(b. Wilmington, Delaware, 4 March 1792;d. Philadelphia, Pennsylvania, 8 December 1886)
The fifth son of James Lea, a Quaker merchant of Wilmington, Isaac attended the local academy with the idea of becoming a physician; but at the age of fifteen he went to work in the Philadelphia mercantile business of his brother John, who eventually made him a partner.In Philadelphia, Lea formed a lifelong friendship with Lardner Vanuxem, with whom he roamed the countryside collecting minerals, rocks, and fossils. They were both elected to the Academy of Natural Sciences of Philadelphia in 1815; and in 1818 Lea published in its Journal his first scientific paper, “An Account of the Minerals at Present Known to Exist in the Vicinity of Philadelphia.” The study of geology led to the study of shells, and Lea spent several years studying the collections of freshwater mollusks that Major Stephen Long had sent to the Academy from the Ohio River and that his brother Thomas Lea had gathered for him near Cincinnati. In 1827 he published, in Transactions of the American Philosophical Society, “A Description of Six New Species of the Genus Unio.” Thereafter he devoted most of his scientific attention to “this truly seducing branch of Nat: Hist.” His Contributions to Geology (Philadelphia, 1833), a descriptive catalogue principally of specimens of the Tertiary formations at Claiborne, Alabama, firmly established his reputation. Its text was distinguished by care and judgment; and its typography and illustrations, Roderick Murchison told the author, had “quite the stamp of being issued by one of the best workshops of Europe.”
The subject was well chosen, for although mollusks abounded in American rivers, scarcely anyone had searched for them there. An acute and accurate observer, during a long lifetime Lea collected, identified, and described, chiefly in papers to the Academy of Natural Sciences and the American Philosophical Society, 1,842 species of some fifty genera of freshwater and terrestrial mollusks. “I sometimes fear I take up too much room in the Society’s Transactions,” he once half-apologized, “but it is a great matter to have new objects of Natural History well illustrated—it saves hundreds of mistakes which in time might otherwise occur.” In addition to shells, Lea figured the embryonic forms of thirty-eight species of Unio and described the soft parts of another 234. His Synopsis of the Family of Naiades (Philadelphia-London, 1836; 4th ed. 1870) classified the synonymy of the Unionidae, until then in great confusion. He also investigated physiological questions, such as mollusks’ sensitivity to light and differences due to sex. Lea ordered 250 reprints of each paper, bound them up from time to time with title page and introduction as Observations on the Genus Unio (13 vols., 1827-1874), and presented them to institutions and individuals. “Your intelligent perseverance with consummate skill & taste have reared a brilliant monument in this part of conchology,” the elder Silliman told him in 1860 in acknowledging one of these volumes. Lea’s bibliography, compiled in 1876, contained 279 titles.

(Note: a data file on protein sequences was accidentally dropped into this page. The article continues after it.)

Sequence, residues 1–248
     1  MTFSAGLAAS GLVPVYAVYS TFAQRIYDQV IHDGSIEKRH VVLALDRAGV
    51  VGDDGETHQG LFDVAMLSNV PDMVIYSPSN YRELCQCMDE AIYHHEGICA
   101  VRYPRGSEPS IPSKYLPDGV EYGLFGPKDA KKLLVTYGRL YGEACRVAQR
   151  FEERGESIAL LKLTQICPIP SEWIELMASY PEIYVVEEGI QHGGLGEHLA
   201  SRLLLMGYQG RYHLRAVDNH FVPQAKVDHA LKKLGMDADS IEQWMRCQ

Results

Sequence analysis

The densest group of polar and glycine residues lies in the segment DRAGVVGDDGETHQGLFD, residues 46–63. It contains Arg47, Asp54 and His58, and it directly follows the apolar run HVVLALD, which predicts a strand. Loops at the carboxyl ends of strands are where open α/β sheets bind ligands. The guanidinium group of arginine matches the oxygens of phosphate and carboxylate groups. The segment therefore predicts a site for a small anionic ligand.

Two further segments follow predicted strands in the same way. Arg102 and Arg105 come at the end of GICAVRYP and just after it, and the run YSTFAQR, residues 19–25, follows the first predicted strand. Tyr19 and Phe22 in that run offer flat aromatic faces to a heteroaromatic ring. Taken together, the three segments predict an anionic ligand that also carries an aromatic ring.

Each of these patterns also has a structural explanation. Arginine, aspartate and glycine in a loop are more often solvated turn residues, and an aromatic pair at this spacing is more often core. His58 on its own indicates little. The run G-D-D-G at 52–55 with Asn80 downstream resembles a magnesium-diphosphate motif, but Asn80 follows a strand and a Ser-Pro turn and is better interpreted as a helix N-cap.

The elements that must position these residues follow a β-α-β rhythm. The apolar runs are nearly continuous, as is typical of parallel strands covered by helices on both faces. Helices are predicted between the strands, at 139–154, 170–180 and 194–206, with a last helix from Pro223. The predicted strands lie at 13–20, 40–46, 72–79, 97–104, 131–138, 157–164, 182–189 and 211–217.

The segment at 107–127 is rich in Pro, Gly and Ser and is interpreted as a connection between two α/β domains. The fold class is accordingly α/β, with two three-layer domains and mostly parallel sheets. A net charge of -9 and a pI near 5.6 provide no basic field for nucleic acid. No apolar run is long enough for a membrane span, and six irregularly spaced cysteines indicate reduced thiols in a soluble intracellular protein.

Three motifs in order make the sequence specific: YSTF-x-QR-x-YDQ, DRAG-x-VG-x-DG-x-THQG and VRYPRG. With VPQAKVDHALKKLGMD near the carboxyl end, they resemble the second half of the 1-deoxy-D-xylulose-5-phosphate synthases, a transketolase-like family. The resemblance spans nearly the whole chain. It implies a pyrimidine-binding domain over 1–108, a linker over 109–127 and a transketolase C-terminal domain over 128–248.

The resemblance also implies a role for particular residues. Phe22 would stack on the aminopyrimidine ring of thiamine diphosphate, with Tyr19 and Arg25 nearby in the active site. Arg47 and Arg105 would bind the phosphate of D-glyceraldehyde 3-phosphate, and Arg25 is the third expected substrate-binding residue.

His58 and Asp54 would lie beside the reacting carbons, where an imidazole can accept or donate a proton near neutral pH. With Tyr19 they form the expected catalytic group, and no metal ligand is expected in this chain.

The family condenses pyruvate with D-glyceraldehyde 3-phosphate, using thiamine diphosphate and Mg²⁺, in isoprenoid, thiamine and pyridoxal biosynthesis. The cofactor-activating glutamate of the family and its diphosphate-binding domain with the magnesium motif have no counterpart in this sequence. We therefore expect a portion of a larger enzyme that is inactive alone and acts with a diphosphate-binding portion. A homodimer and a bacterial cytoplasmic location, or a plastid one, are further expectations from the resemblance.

Lea’s personal collection was steadily augmented by gifts from other naturalists—among them Jeffries Wyman, Charles M. Wheatley, Bishop Stephen Elliott, Gerard Troost, John LeConte, and Dr. John Kirk, who accompanied Livingstone to Lake Nyassa. After seeing Lea’s cabinet in 1846, Agassiz declared “that all which European naturalists have written on this subject must be revised.” Captain Frederick Marryat pronounced it “certainly the most interesting “museum” I saw in the States” and a principal reason why Philadelphia, not Boston, must be considered “the most scientific city in the Union.” In his later years Lea turned to the study of crystals and is said to have been the first in America to engage in microscopic mineralogy.